The History of the Academy Awards

February 22nd, 2014

(Nathan and Esther) Full of gowns, gaffes, and gushing, the Academy Awards are the epitome of pageantry and must-see television that sometimes has …

Buck and Blanche (and Bonnie and Clyde)

February 15th, 2014

(Christine) The love story of infamous American outlaw pair Bonnie and Clyde is cemented in modern pop culture- but they were not the only couple in …

Brotherhood Under the Black Flag: Multiracial Pirate Crews of the Early Modern Period

February 8th, 2014

(Lucy) Who were the pirates of the 17th and 18th centuries, and what enabled them to rise to power? In Europe, pirates could be treated as …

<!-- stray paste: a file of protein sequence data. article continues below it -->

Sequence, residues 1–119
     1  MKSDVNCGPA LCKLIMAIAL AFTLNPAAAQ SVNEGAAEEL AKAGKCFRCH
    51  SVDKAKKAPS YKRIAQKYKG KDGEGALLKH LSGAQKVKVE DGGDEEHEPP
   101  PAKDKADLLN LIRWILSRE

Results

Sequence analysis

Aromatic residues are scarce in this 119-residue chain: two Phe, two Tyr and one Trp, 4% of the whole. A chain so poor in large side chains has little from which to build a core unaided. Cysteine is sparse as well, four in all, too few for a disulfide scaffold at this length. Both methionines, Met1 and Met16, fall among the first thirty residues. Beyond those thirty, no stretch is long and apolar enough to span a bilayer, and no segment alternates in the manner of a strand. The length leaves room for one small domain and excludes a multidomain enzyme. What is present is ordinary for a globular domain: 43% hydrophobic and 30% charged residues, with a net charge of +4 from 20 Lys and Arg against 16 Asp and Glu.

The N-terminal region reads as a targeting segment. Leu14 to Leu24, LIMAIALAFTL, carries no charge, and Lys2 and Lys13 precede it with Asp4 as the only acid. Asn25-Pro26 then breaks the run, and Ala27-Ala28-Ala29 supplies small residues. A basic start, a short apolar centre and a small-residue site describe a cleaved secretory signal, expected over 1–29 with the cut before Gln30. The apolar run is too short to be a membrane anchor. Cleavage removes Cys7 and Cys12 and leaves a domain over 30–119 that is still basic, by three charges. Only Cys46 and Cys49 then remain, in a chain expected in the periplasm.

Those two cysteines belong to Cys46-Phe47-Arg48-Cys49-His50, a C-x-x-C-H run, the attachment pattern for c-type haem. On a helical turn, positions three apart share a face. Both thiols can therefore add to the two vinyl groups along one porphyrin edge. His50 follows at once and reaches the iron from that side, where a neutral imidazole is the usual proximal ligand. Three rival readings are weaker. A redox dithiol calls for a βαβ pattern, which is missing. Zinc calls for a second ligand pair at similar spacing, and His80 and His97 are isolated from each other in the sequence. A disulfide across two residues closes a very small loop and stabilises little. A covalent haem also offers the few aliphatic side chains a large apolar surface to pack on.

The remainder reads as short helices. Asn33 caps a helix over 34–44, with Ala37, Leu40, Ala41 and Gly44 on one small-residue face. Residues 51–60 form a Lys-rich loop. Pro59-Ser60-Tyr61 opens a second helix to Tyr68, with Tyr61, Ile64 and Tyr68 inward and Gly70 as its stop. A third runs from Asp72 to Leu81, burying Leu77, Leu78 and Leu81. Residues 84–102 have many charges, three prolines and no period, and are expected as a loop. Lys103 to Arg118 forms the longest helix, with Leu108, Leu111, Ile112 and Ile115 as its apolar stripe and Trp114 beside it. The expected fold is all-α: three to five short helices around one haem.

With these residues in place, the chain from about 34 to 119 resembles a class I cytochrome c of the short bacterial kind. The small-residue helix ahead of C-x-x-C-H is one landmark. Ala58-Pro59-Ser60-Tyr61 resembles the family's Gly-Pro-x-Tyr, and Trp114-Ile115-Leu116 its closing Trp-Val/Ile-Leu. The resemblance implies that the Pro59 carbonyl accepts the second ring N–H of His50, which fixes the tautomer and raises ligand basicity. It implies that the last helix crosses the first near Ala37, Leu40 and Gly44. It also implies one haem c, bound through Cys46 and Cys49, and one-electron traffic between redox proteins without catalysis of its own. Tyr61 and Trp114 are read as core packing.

One Year Anniversary Show: How We Became Historians

February 1st, 2014

On February 2, 2013, the first episode of Footnoting History went live. To celebrate our first anniversary, Nathan conducted a series of brief …

From Union Soldier to Confederate Bushwacker: Loyalty and Disloyalty in Civil War West Virginia

January 25th, 2014

(Ryan) In 1862, William, Christopher, and Phillip Raber enlisted in Company K of the 9th Regiment, Virginia Infantry. As loyal Union men, they joined …

Cold Noses and Oxytocin: Doggy Prehistory

January 18th, 2014

(Christina) They are warm, fuzzy beings that come in many different shapes and sizes, yet they all sense our emotions and thrive in our company. But …

Rilla of Ingleside and the WWI Homefront

January 11th, 2014

(Elizabeth) What was life like for those on the Canadian home front during WWI? Join Liz as she uses L.M. Montgomery's final book in her Anne series, Rilla of Ingleside, to answer questions about the ones who stayed …

2:31:56*: The Rosie Ruiz Scandal